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From the Department of Repose

I am not good at answering the question: What is your favorite _________?

It’s just really hard for me to just pick one thing.

I am an Enneagram 7 for one thing, which means I love novelty and experience and trying everything. I don’t have a favorite ice cream, or I’d like to taste them all.*[*Except for coffee: Phils’s small Ether with cream. 100%}

Yet for the last thirty years or so whenever somebody has asked me what is my favorite book, I pretty much always say Angle of Repose, by Wallace Stegner.

It’s a story of a relationship, and the west, and it’s beautiful and wrenching and exquisitely written.

The title is a mining term, and it means “the steepest angle at which a sloping surface formed of a particular loose material is stable.”

From a personal standpoint, imagine you are climbing a steep sand dune. For every step up you lose ground as well. The dune is getting steeper and steeper, but you find a spot where you are stable not sliding. Not moving up or down, in repose. The slant of the hill is the angle of repose.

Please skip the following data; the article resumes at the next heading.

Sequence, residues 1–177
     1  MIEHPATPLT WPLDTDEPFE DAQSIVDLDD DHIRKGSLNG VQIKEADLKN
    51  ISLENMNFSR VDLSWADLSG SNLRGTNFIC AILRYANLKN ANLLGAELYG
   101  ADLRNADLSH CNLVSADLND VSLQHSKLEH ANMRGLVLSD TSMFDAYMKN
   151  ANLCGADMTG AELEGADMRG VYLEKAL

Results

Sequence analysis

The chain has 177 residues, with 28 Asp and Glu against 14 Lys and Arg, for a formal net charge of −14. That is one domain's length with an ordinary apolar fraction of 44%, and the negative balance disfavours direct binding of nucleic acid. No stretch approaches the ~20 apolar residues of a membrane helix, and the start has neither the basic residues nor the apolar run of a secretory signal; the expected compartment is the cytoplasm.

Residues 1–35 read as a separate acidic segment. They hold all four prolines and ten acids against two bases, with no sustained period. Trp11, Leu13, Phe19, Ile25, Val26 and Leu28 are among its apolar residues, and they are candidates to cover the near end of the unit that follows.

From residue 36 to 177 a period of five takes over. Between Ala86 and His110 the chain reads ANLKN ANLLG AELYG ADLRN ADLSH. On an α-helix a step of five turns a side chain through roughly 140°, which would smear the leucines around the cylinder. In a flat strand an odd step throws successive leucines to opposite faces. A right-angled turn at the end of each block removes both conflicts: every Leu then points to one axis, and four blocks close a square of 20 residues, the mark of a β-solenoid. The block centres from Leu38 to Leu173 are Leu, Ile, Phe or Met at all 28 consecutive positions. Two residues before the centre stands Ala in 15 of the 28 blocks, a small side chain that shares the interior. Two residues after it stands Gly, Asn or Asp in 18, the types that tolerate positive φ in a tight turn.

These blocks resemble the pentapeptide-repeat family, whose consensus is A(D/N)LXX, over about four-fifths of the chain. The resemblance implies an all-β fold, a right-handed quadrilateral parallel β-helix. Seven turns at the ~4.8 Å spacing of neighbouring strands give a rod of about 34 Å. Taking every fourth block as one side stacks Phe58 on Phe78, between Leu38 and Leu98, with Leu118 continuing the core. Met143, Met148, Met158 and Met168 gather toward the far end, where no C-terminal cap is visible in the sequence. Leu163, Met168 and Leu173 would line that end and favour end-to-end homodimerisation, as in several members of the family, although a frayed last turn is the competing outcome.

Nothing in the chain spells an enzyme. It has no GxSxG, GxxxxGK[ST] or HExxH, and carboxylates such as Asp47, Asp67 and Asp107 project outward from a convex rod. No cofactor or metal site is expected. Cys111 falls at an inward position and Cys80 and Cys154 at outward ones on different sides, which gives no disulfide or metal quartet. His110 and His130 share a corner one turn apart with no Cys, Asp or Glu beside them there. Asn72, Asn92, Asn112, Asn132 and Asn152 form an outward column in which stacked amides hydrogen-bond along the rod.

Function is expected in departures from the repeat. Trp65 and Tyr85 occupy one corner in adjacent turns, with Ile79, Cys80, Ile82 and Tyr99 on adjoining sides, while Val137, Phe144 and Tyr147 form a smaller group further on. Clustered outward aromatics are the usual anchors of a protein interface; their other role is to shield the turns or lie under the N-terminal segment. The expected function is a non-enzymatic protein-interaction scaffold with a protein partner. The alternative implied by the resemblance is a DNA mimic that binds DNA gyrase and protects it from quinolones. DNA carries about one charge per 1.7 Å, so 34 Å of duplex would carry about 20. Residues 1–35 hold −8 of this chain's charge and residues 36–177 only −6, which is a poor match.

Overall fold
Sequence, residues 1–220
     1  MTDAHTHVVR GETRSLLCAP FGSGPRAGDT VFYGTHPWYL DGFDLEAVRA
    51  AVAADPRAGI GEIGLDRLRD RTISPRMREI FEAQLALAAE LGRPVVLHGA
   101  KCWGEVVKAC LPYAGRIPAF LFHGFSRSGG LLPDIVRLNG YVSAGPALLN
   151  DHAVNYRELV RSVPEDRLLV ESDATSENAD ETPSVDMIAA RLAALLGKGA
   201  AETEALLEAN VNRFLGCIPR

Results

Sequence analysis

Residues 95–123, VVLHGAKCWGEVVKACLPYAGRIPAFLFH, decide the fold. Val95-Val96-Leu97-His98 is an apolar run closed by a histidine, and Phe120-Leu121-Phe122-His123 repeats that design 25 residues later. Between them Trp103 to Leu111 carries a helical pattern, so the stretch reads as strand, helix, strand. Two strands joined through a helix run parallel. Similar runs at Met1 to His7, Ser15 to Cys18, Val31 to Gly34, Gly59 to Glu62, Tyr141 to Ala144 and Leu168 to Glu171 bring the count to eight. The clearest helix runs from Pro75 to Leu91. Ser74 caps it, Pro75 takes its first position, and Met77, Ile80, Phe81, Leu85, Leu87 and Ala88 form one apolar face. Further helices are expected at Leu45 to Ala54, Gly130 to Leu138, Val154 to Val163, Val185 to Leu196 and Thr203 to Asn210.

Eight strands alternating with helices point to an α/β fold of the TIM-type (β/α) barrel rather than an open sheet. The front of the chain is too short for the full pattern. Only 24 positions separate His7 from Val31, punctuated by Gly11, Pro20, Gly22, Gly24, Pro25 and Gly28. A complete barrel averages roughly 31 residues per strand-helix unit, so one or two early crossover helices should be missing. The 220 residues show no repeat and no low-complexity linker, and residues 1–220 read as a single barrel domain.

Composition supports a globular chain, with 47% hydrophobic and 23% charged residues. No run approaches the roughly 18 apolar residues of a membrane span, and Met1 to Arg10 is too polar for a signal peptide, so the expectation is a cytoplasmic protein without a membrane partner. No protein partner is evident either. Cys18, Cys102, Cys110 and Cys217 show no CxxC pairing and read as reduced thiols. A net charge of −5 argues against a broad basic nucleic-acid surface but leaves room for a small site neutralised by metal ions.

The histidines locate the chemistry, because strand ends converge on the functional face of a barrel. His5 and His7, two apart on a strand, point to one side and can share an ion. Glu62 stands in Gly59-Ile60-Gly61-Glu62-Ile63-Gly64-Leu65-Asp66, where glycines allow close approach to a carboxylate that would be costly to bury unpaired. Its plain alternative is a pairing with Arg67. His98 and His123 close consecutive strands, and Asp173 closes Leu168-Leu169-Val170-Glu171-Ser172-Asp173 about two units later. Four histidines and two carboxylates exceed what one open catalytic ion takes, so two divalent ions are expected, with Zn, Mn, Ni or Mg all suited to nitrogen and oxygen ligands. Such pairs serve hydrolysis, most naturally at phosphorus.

After a week of adrenaline, and a week of messy, I am finding this week a new stability and calm. I am delicately feeling my way into the angle of repose of this pandemic.

Some days I still slip down a few feet, and in that moment when the ground gives it is terrifying, and then I find my footing again and my balance and I stick to the hill, like an ant.

Or maybe cling is a fairer word.

This is what made me think of the book’s title walking the hill the other day. Repose has always meant rest or tranquility to me, but in this term, and in the book, it has much more tension.

There is no rest on the side of the slope, whether it is the slope of sand, or the slope of relationship, or the slope of parenting. it’s a constant effort, an intense concentration to keep it all together, and always feeling like it’s about to give way.

I’m worried because I can feel myself getting tired. And I fear the angle is going to get a lot steeper soon.

My practice and my gut both tell me the best thing to do is to relax and breathe and soften and open and become as light as I can.

I know there will be a lurching slip again, and in turn there will be an adjustment, a conversation with the slope, a renegotiation with reality, and in turn, a new angle of repose will appear.

Someday, soon I hope, there will be some rest in the repose as well.

Blessings to you all,

Dave Klaus

King Bee, Fire-Tender

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